What are the Most Predictable Year-to-Year Stats for Tight Ends?

What are the Most Predictable Year-to-Year Stats for Tight Ends?

By TJ Hernandez (Associate Editor), last updated Sep 12, 2016

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TJ is a former full-time poker player who has been playing fantasy football for more than a decade. After online poker was outlawed, TJ ended his poker career and dedicated himself to fantasy football. His background in poker statistics and analytics translates to success in both daily and season-long fantasy football.

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This is the final installment of my four part series looking at which stats are the most reliable from one year to the next for each position. I have already researched quarterbacks, running backs, and wide receivers.

The goal of this study is to uncover which frequently referenced previous-year stats for tight ends are reliable indicators of future performance -- and which ones may be misleading.


In hopes of keeping this study somewhat controlled, only tight ends from 2010 that saw at least 65 targets and remained on the same team in consecutive years were considered. So many variables change from one year to the next in the NFL, and since a study like this can be inherently sensitive to outliers, eliminating something as drastic as a team change should remove some noise. Sixty-five targets is an arbitrary cutoff, but should be sufficient enough of a sample to gauge a player's performance level in a season. This methodology resulted in a sample of 60 instances in which a tight end met the volume threshold in consecutive seasons for the same team.

The One Type of Stat with the Strongest Correlation

The following table gives the correlations for 17 statistics that are commonly cited when trying to project a tight end's upcoming season:

Year-to-Year Statistical Correlations for TEs on Same Team in Consecutive Seasons (since 2010, min. 65 targets)
Stats Year-to-Year Correlation
PPR FP/Game .66
Yards/Game .65
Targets/Game .64
Receptions/Games .61
Total Targets .45
Total Receptions .41
Yards/Target .41
PPR FP .40
Catch Rate .39
Total Rec. Yards .38
Yards/Receptions .36
Receiving TD .34
Games Played .30
Total Red Zone Targets .23
TD Rate (TD/Targets) .22
% of Team Red Zone Targets .11
Red Zone TD Rate .06

As has been the case with all other positions, per-game stats have the strongest year-to-year correlations for tight ends. When you consider that these stats simply represent a player's average performance, this should come as no surprise.

On the other hand, volume stats will fluctuate if a player misses a handful of games. (The correlation of games played from one year to the next has a weak correlation -- although it should be noted that it is significantly stronger than at any other position.)

A Surprisingly “Sticky” Stat

For the most part, year-to-year consistency for common tight end metrics matched up with our wide receiver findings. Because tight ends see significantly less volume than wide receivers, it makes sense that tight ends have a slightly lower year-to-year correlation in terms of their volume metrics, but targets are still very consistent from one year to the next.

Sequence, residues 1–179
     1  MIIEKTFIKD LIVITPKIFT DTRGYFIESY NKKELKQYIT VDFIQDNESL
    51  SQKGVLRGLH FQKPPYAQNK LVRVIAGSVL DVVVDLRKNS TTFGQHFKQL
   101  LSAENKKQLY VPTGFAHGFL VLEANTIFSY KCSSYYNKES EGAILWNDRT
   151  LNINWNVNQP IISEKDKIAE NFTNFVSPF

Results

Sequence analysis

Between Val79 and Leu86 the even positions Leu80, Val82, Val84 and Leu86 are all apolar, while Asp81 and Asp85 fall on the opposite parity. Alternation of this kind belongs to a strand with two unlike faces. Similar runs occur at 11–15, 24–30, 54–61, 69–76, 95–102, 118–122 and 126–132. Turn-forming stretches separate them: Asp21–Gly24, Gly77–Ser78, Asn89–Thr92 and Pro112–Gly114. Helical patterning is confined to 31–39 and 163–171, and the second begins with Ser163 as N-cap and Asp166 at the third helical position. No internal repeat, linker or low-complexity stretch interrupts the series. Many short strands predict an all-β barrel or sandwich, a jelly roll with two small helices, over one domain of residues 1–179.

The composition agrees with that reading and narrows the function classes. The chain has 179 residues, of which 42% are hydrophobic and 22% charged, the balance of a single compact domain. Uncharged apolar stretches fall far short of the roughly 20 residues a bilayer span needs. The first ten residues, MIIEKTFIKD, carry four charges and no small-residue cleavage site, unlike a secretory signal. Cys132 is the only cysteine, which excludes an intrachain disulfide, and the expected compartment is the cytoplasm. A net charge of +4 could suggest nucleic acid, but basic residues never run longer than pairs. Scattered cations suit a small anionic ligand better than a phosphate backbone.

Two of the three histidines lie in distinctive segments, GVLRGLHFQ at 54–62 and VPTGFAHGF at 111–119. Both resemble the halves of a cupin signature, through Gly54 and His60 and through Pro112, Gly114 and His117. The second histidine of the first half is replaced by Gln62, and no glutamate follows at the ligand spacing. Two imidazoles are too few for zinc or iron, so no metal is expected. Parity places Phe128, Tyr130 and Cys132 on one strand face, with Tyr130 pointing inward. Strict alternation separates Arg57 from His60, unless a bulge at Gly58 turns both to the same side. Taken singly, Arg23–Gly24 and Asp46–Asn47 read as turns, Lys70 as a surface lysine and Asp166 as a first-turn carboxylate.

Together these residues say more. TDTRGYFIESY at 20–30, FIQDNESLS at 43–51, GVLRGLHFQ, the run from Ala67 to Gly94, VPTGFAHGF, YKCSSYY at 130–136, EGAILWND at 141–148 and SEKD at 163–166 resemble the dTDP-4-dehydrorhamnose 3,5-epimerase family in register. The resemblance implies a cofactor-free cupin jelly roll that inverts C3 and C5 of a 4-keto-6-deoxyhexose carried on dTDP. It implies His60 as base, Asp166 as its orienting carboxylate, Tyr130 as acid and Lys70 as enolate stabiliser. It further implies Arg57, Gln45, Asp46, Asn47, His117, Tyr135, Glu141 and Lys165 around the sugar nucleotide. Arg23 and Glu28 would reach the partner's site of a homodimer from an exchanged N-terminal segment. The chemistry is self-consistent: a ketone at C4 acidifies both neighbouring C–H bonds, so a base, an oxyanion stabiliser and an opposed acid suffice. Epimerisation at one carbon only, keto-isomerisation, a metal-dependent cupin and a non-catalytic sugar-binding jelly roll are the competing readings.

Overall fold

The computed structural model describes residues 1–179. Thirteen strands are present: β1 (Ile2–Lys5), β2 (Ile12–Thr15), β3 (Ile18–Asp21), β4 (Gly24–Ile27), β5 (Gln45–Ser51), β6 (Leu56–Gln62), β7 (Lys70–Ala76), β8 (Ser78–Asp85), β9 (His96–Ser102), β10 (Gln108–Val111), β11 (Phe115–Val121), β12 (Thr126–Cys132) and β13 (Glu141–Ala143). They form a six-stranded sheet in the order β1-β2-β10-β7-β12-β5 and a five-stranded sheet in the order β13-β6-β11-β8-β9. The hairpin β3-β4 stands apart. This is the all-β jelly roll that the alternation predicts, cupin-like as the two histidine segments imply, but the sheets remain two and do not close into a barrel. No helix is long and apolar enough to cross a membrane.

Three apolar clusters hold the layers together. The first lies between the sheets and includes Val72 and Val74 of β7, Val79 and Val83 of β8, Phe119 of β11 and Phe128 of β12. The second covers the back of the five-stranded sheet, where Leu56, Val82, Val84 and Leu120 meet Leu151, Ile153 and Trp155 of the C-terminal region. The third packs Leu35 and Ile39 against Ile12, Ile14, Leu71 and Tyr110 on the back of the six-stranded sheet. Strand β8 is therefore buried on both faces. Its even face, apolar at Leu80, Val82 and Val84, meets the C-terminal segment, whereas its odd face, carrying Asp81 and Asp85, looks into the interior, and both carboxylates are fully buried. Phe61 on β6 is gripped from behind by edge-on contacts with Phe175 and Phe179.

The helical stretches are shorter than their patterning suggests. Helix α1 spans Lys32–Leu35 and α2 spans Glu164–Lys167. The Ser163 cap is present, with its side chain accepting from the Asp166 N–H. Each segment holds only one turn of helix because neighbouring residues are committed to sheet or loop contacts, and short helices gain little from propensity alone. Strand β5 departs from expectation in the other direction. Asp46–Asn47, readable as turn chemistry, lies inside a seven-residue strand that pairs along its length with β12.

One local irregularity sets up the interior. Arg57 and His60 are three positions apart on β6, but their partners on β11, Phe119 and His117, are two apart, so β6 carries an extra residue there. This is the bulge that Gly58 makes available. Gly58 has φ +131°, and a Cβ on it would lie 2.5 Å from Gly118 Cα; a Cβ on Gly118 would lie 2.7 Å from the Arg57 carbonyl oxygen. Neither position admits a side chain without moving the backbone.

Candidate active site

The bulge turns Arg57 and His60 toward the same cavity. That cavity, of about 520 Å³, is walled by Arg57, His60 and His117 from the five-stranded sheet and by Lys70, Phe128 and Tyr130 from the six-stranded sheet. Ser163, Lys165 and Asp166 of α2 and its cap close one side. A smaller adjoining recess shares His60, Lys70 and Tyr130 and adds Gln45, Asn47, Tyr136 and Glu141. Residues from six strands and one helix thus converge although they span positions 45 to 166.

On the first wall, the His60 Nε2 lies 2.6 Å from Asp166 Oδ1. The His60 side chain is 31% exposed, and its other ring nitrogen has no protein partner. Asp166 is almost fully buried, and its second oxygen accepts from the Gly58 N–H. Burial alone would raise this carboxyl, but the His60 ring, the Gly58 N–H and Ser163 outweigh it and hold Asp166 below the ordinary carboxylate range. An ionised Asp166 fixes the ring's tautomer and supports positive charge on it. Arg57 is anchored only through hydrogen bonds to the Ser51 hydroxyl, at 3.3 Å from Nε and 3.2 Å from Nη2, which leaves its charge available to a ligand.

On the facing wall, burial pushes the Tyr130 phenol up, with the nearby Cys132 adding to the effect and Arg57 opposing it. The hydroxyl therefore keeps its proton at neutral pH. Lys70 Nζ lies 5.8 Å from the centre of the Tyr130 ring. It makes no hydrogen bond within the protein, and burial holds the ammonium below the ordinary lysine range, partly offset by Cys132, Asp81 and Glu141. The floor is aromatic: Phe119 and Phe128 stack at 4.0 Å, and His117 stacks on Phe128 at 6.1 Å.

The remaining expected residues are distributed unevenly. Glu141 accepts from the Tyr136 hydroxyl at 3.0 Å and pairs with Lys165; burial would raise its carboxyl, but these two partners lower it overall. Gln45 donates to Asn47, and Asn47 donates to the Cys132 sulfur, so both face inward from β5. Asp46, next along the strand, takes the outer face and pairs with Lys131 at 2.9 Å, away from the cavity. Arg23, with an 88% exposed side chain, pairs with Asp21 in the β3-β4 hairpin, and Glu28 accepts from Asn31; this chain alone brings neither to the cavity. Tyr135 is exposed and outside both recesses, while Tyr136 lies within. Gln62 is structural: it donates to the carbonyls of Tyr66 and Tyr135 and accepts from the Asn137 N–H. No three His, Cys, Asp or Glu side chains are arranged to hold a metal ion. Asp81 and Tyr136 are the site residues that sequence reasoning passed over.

What really stands out is how consistent tight end scoring is from year to year. In fact, within the scope of this study, tight end is more consistent than any other position in terms of year-to-year fantasy scoring. This is likely a function of touchdown dependency.

Last season’s results suggest that tight ends rely on touchdowns for their fantasy points slightly less than any other position. If we remove Tyler Eifert, who scored 41 percent of his fantasy points via touchdown, touchdowns accounted for 19 percent of top-12 tight end fantasy points in 2015. For top-12  wide receivers, that number was 21 percent; running backs 24 percent; and quarterbacks 45 percent. 

I touched on this a moment ago, but tight ends seem to be either the most likely skill position to maintain their role in an offense, the least injury-prone, or both. While all other positions saw virtually no correlation in games played from one year to the next, there is some correlation with tight ends, albeit weak. 

The Red Zone - Not to be Relied On

Although tight ends are often thought of as dominant red zone threats, the fact of the matter is that they still don’t see nearly the volume of targets near the goal line that wide receivers do. In 2015, just three of the top 10 players in red zone targets were tight ends. 

Since only a select few tight ends see any significant red zone volume, their year-to-year red zone efficiency as a group is more volatile than that of wide receivers. Even more so than receivers, we should use tight end red zone scoring rates and market share numbers to decide if a player is expected to regress to the mean, rather than as a sign of things to come.

The Bottom Line

When considering how a tight end performed in one year in hopes of applying that data to the next season, there are a few key points to note:

  • In PPR scoring, year-to-year fantasy points correlate stronger for tight ends than any other position. There is evidence that tight ends are collectively the least touchdown dependent skill position in fantasy and most likely to maintain their role in an offense.
  • As with wide receivers, tight ends tend to maintain their target volume from one year to the next.
  • Most tight ends tend to not see much red zone volume, so their efficiency metrics can swing wildly from year to year. Tight ends with consistent red zone work are very valuable commodities.


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Filed Under: Preseason, 2016

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